A syllabus can serve many functions for you and your students. It states your policies and shows how your course follows UT policies; it helps students find help–whether they need to contact you or find an academic resource center. It sets up not only your objectives for this course but also describes the value that the course will have for students, and what and how the students will learn in the course (learning outcomes).
The syllabus can be interactive–it can link to supporting documents that describe assignments, and provide guidelines and advice for completing course work, accessing further information, and studying for tests. In your program, your syllabus links to other courses’ syllabi to form a coherent program of study and enables you and your colleagues to assess the success of your students.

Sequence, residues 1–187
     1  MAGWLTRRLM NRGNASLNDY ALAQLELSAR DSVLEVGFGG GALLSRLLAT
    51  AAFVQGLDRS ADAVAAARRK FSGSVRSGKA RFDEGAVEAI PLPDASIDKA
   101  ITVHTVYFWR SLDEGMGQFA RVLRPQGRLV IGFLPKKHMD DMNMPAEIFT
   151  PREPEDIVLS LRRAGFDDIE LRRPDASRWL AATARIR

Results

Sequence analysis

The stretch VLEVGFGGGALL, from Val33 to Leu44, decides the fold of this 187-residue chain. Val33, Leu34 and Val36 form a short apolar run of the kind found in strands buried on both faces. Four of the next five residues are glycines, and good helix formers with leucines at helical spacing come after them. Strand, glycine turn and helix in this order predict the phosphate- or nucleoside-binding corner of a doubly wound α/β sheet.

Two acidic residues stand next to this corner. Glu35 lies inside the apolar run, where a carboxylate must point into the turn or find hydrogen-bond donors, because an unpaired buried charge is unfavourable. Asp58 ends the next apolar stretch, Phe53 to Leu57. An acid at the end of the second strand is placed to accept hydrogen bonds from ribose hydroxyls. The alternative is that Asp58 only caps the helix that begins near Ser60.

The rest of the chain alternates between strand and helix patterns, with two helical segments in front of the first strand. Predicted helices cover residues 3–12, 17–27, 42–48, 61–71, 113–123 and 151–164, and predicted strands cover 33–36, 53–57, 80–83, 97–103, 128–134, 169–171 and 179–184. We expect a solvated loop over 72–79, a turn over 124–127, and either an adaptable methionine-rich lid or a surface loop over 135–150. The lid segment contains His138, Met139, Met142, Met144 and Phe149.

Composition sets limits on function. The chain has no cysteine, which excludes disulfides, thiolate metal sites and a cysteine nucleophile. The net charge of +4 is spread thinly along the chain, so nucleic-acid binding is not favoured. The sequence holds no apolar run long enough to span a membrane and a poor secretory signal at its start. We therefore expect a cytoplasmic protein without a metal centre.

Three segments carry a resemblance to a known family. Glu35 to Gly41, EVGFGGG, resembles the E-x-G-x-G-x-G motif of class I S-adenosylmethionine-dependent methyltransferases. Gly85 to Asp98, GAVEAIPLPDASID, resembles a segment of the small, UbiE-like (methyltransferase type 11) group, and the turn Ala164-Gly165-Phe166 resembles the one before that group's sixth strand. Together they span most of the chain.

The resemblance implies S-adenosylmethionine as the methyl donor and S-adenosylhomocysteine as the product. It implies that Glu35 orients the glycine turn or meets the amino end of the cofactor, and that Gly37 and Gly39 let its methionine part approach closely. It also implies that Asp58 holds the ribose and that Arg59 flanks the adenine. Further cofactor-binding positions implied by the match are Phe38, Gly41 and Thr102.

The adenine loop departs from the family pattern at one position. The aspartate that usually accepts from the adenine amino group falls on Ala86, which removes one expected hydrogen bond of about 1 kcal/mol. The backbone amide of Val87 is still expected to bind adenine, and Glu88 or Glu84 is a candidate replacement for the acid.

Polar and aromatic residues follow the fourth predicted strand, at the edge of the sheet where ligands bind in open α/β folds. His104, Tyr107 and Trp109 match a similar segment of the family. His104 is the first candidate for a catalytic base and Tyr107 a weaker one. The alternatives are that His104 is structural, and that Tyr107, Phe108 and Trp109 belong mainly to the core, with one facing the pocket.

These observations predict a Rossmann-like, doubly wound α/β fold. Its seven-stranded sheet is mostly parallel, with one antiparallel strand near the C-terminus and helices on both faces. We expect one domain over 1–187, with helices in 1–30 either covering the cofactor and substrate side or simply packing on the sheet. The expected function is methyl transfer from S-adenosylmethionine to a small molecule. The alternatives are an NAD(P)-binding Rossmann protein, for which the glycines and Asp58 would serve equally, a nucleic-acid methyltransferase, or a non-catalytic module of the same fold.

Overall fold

Finally, it “begins a conversation about how the teacher and the student would best come to understand the nature and progress of the student’s learning.” The syllabus provides a rationale of the value of deep learning in the course and how a student can access this rich value.1
For information on best practices for syllabus design, see the following sites:
- The Universally Designed Syllabus
- Building Your Syllabus (from 4faculty.org)
- The Functions of the Course Syllabus
Return to: http://tenntlc.utk.edu/the-syllabus/ for UT templates.
1. James Lang, 2006, “The Promising Syllabus,” Chronicle of Higher Education.